Gangs in Canada

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Gangs in Canada are mostly present in the major urban areas of Canada, although their activities are not confined to large cities.

Ethnic breakdown of youth gangs[edit]

Police-reported ethnic breakdown of youth gang members from a 2002 report[1]


First Nations 28%, African Canadian/Black 22%, Caucasian 17%, East Indian 12%, East Asian 10%, Latino/Hispanic 8%, Middle Eastern/Arabic 3%

British Columbia[edit]

East Asian 37%, Caucasian/White 22%, East Indian 14%, First Nations 10%, Latino/Hispanic 8%, Middle Eastern/Arabic 5%, African Canadian/Black 5%


First Nations 58%, Latino/Hispanic 33%, Caucasian/White 8%


First Nations 96%, Caucasian/White 2%, Latino/Hispanic 2%


First Nations 58%, Caucasian/White 26%, African 9%, Hispanic 3%, East Indian 3%


African Canadian/Black 36%,Caucasian/White 21%, East Indian 21%, East Asian 8%, Latino/Hispanic 6%, Middle Eastern/Arabic 4%, First Nations 4%


African Canadian/Black 51%, Caucasian/White 21%, Latino/Hispanic 12%, East Asian 9%, Middle Eastern/Arabic 5%, East Indian 2%

Nova Scotia[edit]

African Canadian/Black 48%, Caucasian/White 47%, First Nations 9%


The most prevalent gangs in Canada include:

According to a 2004 police report, "The Hells Angels remain some of the largest and most powerful motorcycle gangs in the country, with growing influence in British Columbia and Ontario. Its presence has declined in other provinces due to police efforts, internal conflict and increased competition from other crime groups."[2][3]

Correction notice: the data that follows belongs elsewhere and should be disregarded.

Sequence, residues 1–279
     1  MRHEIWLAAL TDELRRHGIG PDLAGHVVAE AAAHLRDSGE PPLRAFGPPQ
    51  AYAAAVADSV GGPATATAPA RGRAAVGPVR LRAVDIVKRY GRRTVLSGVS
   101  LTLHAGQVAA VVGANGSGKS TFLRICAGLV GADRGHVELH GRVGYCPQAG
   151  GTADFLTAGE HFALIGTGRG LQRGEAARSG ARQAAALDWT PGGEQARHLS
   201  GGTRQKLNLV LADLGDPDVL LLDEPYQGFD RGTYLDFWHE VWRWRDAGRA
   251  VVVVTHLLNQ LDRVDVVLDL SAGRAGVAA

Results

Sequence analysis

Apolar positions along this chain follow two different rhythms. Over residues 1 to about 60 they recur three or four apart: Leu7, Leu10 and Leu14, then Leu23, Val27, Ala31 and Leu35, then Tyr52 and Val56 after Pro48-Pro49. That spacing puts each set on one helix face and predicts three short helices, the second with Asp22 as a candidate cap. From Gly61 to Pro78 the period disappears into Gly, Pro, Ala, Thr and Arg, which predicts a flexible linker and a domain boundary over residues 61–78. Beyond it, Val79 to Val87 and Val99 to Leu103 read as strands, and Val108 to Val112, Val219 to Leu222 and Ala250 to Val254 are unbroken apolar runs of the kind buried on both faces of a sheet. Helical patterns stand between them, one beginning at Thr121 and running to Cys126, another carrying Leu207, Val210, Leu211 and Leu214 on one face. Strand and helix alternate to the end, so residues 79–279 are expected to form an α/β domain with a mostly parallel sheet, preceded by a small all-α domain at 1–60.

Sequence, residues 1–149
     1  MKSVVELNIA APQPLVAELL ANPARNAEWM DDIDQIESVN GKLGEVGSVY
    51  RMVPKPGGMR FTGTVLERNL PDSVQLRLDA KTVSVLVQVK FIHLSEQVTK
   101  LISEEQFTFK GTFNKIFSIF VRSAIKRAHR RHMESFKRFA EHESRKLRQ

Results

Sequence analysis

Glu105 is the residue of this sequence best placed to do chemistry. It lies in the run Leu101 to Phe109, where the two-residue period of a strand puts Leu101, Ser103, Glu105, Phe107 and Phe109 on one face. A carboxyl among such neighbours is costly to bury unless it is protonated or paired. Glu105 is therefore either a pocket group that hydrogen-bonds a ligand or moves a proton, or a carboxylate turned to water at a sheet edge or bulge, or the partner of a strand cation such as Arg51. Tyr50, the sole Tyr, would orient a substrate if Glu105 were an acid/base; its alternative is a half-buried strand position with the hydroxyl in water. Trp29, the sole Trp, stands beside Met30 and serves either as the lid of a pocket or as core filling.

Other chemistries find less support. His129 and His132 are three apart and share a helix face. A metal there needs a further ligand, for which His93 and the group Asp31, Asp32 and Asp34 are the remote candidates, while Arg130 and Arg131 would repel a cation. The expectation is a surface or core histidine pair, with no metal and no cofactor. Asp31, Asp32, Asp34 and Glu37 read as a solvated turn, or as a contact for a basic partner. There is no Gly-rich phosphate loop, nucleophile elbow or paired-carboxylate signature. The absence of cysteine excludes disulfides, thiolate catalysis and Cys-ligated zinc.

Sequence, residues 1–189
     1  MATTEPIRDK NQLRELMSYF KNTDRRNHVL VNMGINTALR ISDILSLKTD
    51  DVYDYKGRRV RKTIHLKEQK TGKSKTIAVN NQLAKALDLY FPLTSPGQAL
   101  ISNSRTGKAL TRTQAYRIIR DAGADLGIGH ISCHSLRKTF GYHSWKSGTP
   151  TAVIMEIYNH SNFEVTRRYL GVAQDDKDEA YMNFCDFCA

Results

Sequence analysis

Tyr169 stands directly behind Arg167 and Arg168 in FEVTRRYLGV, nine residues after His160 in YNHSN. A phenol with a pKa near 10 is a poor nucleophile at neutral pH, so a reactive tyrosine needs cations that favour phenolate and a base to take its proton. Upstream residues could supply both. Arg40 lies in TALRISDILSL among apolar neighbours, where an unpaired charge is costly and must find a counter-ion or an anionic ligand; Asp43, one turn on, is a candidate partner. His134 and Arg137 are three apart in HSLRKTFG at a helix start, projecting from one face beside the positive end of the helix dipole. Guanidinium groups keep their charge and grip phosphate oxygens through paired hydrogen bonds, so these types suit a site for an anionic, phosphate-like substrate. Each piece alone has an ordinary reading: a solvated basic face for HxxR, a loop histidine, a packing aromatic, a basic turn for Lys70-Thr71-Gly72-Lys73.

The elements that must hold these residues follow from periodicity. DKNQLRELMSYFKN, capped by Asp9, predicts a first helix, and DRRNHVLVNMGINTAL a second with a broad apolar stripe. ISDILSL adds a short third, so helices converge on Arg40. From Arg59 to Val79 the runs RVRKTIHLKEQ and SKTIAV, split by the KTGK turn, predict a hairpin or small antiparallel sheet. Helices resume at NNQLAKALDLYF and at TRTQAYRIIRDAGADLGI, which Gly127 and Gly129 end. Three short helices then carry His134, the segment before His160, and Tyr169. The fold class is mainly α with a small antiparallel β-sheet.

The same report stated that Aboriginal street gangs are not as highly organized as other criminal organizations in Canada, but are amongst the most violent. Aboriginal people also constitute a significant portion of prison populations throughout Canada, and the number of First Nation inmates continues to rise at a considerable rate.[4] As of 2005 it is believed over 1000 Aboriginal youths were members of street gangs.[5]

According to the Criminal Intelligence Service Canada (CISC), "The established, well-financed and -connected Hong Kong Triad groups and crime syndicates remain, to our mind, the biggest long-term threat to Canadian law enforcement and society."[6]

In addition to Triad Societies, other Asian criminal groups, such as The Big Circle Gang, have also established national networks based in the major cities of Canada.[7][8]

The Indo-Canadian community has faced a wave of gang violence across the country especially in the Western province in British Columbia which has claimed the lives of 100 Indo-Canadian males since the 1990s to present day who are disapportinately from the Jat Sikh community. The Indo-Canadian community in BC has experienced a wave of gang and drug related crime- the kind not seen in any community in Canada before.[9]

By city[edit]


Known crime groups in Abbotsford involve Punjabi street gangs, various East Asian crime groups, motorcycle gangs, and multicultural street gangs.

However, there has been a gang conflict in the city mostly in West end part of the city in the Townhill Area. The gang conflict is between two South Asian gangs which involves 40 men in total between the ages of 15 to 25.[10]

According to the Abbotsford Youth Crime Prevention Project has assessed groups of people deemed to be most vulnerable to becoming part of a gang in the city.[11]